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Thursday, 5 December 1935

Senator SAMPSON (Tasmania) . Like many other southerners, I was for some years under a misapprehension regarding the production of sugar in Australia. About ten years ago I made an extended visit to northern Queensland, where I inspected a good deal of the country on which sugar is produced. I visited a number of the mills and met many of the cane-growers and their children. Propaganda in. opposition to the industry has been almost continuously directed to us since I was first elected to this chamber nine years ago, but I am quite convinced that a great deal of it defeats its own purpose. In many instances it contains inaccuracies and statements which are grossly exaggerated. I shall support the bill, because the industry must have some security. Those opposed to its maintenance have never offered constructive criticism, and if effect were given to the policy which they support it would mean ruin to thousands of good Australians settled in the north. During the Great War I had the honour and privilege of serving with Queenslanders - I was never with men from my own State. I found these Queenslanders fine Australians, and better soldiers no one could wish to meet. I visited Queensland last year - two years ago I travelled as far north as Cairns - and I was particularly impressed with the health and virility of the children. I have lived in Africa, and I have been in other tropical countries, but I have never seen finer youngsters than those whom I met in northern Queensland. Apparently the children in northern Queensland do not wilt owing to the effect of the intense heat like the children in other tropical countries; the men and women in that part are magnificent specimens. On that account, and also because of the necessity for populating this country, the sugar industry is well worth while. I strongly deprecate the amount of unfair and unjust propaganda against the sugar' industry which has been flooding the Southern States, and particularly Tasmania, and also the attitude adopted by certain sections of the press towards this agreement. Much of this unreasonably antagonistic literature is not even based on facts. I refer particularly to a pamphlet which I received recently, copies of which, I think, were sent to every municipality in Tasmania. It emanated from Victoria but was written by a South Australian; and it was a most amazing document by reason of the number of inaccuracies that it contained. Unfortunately many readers would not be aware of the facts, but anybody conversant with the position would at once recognize the information to be a wilful distortion of the position. The sugar-growers of Queensland, in having to combat propaganda of this character, have my sympathy.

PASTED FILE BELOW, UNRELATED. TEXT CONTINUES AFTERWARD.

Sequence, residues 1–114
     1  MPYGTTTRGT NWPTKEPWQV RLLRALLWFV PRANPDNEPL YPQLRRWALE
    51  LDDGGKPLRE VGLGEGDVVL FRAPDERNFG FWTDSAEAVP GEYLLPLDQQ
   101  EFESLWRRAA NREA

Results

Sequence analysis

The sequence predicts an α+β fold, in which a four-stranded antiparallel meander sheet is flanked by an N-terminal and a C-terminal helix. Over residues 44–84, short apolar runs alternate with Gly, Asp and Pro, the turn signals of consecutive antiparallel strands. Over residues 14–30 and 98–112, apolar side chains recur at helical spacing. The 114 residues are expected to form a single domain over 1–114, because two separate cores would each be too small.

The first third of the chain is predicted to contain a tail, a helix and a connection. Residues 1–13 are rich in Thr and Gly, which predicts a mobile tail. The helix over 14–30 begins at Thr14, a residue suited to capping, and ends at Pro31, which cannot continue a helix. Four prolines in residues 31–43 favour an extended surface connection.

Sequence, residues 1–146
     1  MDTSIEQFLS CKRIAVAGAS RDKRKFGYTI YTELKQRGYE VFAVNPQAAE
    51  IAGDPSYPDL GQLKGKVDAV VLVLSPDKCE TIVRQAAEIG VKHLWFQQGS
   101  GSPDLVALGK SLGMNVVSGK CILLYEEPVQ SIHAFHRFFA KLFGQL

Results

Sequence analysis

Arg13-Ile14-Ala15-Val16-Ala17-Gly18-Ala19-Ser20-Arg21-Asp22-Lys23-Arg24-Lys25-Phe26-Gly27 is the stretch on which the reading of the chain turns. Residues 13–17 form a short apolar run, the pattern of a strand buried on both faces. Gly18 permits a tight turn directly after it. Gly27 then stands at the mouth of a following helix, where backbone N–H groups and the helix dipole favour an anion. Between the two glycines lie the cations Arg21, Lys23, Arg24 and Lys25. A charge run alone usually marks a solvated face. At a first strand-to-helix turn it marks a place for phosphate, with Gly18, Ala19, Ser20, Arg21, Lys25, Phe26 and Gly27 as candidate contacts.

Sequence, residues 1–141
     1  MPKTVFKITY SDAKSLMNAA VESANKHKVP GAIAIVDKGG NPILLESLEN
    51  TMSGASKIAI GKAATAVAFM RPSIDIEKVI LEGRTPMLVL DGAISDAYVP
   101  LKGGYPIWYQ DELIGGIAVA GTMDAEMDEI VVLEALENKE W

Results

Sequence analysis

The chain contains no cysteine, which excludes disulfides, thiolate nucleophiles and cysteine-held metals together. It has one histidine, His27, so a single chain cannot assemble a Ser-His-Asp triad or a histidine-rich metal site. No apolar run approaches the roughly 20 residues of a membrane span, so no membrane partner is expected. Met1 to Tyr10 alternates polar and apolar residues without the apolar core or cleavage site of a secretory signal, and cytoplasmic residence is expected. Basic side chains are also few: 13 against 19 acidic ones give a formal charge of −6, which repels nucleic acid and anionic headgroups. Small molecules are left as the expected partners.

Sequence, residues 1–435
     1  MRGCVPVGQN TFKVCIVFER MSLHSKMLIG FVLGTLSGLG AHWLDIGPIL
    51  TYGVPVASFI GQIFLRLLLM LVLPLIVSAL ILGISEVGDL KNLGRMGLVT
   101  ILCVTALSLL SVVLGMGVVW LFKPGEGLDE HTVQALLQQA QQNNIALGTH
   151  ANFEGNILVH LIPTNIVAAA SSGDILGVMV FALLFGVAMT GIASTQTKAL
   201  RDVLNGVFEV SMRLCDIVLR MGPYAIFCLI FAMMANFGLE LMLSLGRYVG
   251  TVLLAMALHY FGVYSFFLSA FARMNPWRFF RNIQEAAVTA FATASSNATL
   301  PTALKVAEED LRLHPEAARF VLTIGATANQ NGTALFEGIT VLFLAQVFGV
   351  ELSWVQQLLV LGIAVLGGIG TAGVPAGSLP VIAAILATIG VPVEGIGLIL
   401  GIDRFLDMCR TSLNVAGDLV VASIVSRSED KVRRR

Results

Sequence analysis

Senator Duncan-Hughes - The author of that pamphlet at least made his statement openly.

Senator SAMPSON - I am not concerned with that aspect. I know that I could analyze a number of his assertions and prove that they had no regard for the truth. I support the bill.

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